Poetry and Language

While technically not related to foreign language, poetry is still a form of language in and of itself. It is the language of the muse, art, beauty, and all the unspeakable wonders of the world. In Robert Hass’ poem, “The Problem of Describing Trees,” he explains that the sensory experience of the tree is unknown to us in reality. The aspen has no vocalized language to explain its actions when a wind comes upon it, and Hass believes that poems about nature are poets’ attempts to describe the experience of the tree in our own language. Similarly, foreign languages communicate all sorts of sentiments and beliefs, which may or may not be universal. For example, Kannada speakers are more than familiar with the word sankocha, which has no equivalent in any language that I know. The best way I know to explain it is as embarrassment when you get some obligation you didn’t really want (getting a really expensive gift or having to stay for dinner when you just came for tea or something like that). The experience of sankocha is unique to Kannada speakers in this way, and translation is the method of interpreting it and rephrasing it in a language one can understand. Poetry is a language to be learned to understand the non-human experiences and conditions of the world. Here are some other poems that I’ve written, if you care to read them. Leave your comments, and tell me what words in your language don’t exist in others!

The Cemetery Shore

I met a stranger on the shore

Outside the overgrown cemetery,

Searching for something lost

 

The stranger’s face was clouded

With strained, pained recollection,

Trying to voice a silent echo of the past

 

This loud silence resounds in me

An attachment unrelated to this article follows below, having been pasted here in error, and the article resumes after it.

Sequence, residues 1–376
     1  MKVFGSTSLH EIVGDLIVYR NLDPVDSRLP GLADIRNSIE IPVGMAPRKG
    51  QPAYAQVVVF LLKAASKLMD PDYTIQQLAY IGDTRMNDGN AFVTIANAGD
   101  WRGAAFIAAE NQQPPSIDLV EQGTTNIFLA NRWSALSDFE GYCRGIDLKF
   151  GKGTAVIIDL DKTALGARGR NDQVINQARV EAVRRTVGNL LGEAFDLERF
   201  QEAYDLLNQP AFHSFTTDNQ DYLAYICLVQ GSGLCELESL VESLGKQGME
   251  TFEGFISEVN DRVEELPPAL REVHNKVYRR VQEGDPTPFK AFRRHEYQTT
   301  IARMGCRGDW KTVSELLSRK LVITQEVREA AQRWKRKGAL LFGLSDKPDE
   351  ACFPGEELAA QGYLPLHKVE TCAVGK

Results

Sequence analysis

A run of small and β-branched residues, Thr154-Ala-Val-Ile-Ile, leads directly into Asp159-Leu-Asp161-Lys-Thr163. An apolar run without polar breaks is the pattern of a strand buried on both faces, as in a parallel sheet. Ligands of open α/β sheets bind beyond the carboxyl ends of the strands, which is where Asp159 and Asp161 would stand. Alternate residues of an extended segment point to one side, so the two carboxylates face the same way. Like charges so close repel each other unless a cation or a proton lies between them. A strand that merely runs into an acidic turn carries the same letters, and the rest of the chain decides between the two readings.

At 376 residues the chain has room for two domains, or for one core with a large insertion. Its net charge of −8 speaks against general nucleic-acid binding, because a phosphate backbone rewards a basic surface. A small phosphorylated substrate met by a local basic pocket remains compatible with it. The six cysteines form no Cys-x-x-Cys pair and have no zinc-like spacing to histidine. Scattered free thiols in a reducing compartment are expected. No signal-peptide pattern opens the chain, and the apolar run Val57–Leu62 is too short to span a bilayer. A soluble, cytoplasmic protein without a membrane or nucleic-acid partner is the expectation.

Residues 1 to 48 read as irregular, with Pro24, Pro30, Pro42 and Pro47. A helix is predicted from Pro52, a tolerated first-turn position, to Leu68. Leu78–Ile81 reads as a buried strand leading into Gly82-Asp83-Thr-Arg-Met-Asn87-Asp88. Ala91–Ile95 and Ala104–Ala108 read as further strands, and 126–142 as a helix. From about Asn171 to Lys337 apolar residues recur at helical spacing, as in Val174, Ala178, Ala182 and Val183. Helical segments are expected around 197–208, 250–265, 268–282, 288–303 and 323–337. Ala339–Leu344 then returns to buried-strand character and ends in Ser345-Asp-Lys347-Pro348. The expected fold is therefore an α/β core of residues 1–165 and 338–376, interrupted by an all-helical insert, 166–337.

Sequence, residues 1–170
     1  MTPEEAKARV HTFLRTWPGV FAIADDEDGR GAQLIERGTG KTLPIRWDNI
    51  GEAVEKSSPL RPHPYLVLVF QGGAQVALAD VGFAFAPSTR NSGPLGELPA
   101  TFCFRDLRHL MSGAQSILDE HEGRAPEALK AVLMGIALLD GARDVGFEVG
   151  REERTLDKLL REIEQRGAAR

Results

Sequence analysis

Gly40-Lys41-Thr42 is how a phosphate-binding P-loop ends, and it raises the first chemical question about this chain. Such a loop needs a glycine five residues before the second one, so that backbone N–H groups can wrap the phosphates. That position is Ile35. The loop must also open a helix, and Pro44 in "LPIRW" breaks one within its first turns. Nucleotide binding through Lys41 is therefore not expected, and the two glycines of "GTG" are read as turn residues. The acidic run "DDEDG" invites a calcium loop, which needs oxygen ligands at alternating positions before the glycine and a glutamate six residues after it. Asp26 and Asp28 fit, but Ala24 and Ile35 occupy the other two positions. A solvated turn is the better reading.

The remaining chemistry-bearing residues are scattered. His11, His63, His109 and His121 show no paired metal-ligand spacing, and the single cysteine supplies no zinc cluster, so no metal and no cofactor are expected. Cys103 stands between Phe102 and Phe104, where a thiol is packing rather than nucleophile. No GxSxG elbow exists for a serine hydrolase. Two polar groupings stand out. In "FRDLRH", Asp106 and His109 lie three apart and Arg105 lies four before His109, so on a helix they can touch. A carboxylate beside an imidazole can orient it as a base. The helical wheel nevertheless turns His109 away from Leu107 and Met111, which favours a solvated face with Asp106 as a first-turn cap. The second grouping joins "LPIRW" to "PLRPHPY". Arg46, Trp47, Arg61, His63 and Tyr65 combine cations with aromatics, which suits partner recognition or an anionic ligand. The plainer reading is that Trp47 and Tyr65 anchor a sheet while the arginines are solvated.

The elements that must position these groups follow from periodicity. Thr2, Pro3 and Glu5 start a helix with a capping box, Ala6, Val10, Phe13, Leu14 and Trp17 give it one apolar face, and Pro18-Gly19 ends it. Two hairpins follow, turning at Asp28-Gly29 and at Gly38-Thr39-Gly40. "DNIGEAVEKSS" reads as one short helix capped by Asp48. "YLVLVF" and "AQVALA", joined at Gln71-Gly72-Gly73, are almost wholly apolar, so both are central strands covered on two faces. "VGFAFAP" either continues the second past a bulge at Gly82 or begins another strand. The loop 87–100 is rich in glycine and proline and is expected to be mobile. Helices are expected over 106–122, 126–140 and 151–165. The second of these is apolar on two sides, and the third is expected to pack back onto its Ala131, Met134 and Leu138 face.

A memory of that shore of long ago,

Which was once full of life, returns in force

 

Your image was clear in my mind

Like the once clear water of yore,

But is now clouded by the stranger

 

So fleeting is your remembrance,

A beach washed by the ebbing tide

And stripped of its soft white sand.

 

Only as you age and grow wise in time

Do you come to those distant, foreign shores

Where message bottles wash upon the sand.

 

I strove to impress a splendid epithet

To carve my grave in your cemetery

Of long-gone childhoods and adolescence.

 

I was inspired to write a brilliant letter

To fit in my bottle for you to find

So that you might seek me out.

 

Shall I be as a shell upon the strand,

An admirably pretty, precious husk

To decorate that lacking tombstone?

 

Might I be a simple stone buried in the sand,

A detestable pebble uncovered only by force

To find a dream you thought forgotten?

 

 

I can no longer touch your soul like in the past.

My power to fix myself in your graveyard

Is but a shadow, a weak silhouette of a lost star.

 

I see you now, on this shore that we once shared

In our childhood and seasons of our youth,

But you are no longer who you were, nor am I.

 

Your name for my image is no longer mine,

I am unborn until acknowledged by you,

Forever confined to a womb of oblivion.

 

Lightning

 

I am struck by a lightning bolt

Issuing forth from that ominous

Cloud, sent by that cruel gale.

 

At a distance of time, that gale

Was but a smooth, cool zephyr

Carrying hope, love, and dreams.

 

Perhaps this concentrated blade

Is the violent shattering of the zephyr,

Striking me with the full force of life

 

That callous, cloudy vessel drifts

Ubiquitously, bringing its omens

To each and every azure firmament.

 

Yet now, blackened with cruelty,

That tempestuous harbinger

Does away with my optimism.

 

Even so, that swift, wicked strike

Leaves me a small vestige of hope

To store in that fickle, turbid mass

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sr3934@nyu.edu

I'm a student studying at NYU, hoping to pursue a career in diplomatic services, and I'm obsessed with learning and teaching foreign languages. I like to practice Taekwondo, enjoy Square Enix video games, and engage in Asian-American social activism and international political activism.